Astronomers head to the country to spark student interest in what lies above.
Children in remote and regional schools will soon be visited by astronomers bearing gifts in a quest to kindle interest in the cosmos.
The scientists – drawn from the ranks of the ARC Centre of Excellence for All Sky Astrophysics in 3D (ASTRO 3D) and the Australian National University – will donate a powerful telescope and high-tech accessories to each school so classes can continue to explore the Universe long after the astronomers have left.
Australian-led GALAH project releases chemical information for 600,000 stars.
How do stars destroy lithium? Was a drastic change in the shape of the Milky Way caused by the sudden arrival of millions of stellar stowaways?
These are just a couple of the astronomical questions likely to be answered following the release today of ‘GALAH DR3’, the largest set of stellar chemical data ever compiled.
The data, comprising more than 500 GB of information gleaned from more than 30 million individual measurements, was gathered by astronomers including Sven Buder, Sarah Martell and Sanjib Sharma from Australia’s ARC Centre of Excellence in All Sky Astrophysics in 3 Dimensions (ASTRO 3D) using the Anglo Australian Telescope (AAT) at the Australian Astronomical Observatory at Siding Spring in rural New South Wales.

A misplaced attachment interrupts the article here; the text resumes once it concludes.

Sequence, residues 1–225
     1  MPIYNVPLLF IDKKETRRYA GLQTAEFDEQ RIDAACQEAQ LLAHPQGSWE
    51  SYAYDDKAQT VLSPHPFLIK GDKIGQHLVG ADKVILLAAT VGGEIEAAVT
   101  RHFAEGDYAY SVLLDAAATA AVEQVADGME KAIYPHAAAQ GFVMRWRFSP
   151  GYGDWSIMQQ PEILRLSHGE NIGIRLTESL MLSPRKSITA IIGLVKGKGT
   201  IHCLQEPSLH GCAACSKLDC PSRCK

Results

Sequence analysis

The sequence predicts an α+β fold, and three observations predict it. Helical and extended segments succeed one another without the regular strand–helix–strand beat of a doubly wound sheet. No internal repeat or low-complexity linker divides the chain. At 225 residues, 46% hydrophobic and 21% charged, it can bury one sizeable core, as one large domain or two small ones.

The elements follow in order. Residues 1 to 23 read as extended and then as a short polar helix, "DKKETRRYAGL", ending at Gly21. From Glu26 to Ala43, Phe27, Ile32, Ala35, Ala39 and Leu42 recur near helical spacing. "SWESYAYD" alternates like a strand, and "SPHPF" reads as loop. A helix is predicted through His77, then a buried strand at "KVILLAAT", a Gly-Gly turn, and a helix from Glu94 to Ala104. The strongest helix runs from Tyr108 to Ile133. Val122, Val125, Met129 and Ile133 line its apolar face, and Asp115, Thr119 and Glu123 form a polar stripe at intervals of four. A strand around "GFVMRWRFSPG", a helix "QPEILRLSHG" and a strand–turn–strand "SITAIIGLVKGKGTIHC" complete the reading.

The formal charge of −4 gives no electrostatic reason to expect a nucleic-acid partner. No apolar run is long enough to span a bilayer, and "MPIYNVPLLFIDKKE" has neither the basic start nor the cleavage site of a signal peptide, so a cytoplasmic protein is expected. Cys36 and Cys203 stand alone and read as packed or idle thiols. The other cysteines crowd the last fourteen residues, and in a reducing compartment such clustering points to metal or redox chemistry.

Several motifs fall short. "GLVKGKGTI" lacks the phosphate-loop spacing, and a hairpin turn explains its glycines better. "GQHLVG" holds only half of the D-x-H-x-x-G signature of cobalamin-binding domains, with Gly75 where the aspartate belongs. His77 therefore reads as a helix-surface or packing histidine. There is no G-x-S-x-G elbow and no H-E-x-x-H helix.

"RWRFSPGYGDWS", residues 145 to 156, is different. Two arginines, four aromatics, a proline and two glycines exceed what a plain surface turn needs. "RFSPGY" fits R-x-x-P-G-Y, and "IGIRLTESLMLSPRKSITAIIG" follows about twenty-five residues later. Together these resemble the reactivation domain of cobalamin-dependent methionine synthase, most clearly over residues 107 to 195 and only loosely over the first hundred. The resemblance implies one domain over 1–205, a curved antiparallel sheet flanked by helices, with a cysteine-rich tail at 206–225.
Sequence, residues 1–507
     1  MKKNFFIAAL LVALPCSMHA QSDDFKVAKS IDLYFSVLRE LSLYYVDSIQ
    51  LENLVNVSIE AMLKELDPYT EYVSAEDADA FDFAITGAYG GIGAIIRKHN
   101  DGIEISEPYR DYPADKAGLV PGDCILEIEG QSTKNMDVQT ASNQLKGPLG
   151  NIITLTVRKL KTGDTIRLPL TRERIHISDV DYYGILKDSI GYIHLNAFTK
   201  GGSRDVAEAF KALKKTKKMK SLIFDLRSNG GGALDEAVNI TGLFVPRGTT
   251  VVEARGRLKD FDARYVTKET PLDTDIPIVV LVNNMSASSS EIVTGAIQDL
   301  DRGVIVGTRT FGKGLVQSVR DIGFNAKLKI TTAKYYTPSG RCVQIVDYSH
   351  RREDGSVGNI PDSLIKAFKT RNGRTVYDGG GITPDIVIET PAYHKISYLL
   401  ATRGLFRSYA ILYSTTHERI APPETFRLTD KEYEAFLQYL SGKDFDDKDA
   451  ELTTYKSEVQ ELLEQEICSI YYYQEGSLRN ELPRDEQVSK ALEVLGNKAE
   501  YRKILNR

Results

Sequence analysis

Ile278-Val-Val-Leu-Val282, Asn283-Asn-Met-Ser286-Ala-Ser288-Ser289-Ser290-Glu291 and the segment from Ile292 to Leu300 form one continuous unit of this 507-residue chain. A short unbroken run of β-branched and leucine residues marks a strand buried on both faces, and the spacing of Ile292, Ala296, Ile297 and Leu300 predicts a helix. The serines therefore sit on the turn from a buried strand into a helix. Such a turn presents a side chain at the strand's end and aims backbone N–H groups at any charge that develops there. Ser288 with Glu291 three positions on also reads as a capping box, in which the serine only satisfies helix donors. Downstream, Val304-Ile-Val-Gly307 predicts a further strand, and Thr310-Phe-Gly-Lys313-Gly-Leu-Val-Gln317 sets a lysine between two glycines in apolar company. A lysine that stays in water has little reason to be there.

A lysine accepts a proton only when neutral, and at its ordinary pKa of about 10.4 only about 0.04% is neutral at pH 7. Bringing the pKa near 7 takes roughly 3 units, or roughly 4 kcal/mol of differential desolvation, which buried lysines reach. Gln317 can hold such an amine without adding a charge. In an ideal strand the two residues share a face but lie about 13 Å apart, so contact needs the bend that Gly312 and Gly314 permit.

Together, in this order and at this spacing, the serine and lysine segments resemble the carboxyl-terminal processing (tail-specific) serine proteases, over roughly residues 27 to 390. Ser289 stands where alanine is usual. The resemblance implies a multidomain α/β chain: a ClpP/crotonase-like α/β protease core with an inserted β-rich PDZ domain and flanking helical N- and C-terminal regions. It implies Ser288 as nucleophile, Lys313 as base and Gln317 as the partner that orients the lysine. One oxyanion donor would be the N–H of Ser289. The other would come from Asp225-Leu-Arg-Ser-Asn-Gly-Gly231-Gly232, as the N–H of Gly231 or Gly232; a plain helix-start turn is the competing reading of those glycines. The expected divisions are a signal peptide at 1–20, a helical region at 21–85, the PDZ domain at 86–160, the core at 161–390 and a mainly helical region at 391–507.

Australian researchers find ways to overcome the blinding glare of quasars
NASA’s James Webb Space Telescope will uncover galaxies never before seen by humanity, Australian-led research reveals.
The telescope, due to launch in late 2021, is the largest, most powerful and complex space telescope ever built.
Two new studies led by Madeline Marshall from Australia’s University of Melbourne and the ARC Centre of Excellence in All Sky Astrophysics in 3 Dimensions (ASTRO 3D) find that the Webb will be able to reveal galaxies currently masked by powerful lights called quasars.
Australian-led astronomers find the most iron-poor star in the Galaxy, hinting at the nature of the first stars in the Universe.
A newly discovered ancient star containing a record-low amount of iron carries evidence of a class of even older stars, long hypothesised but assumed to have vanished.
In a paper published in the journal Monthly Notices of
the Royal Astronomical Society: Letters, researchers led by Dr Thomas
Nordlander of the ARC Centre of Excellence for All Sky Astrophysics in 3
Dimensions (ASTRO 3D) confirm the existence of an ultra-metal-poor red
giant star, located in the halo of the Milky Way, on the other side of the
Galaxy about 35,000 light-years from Earth.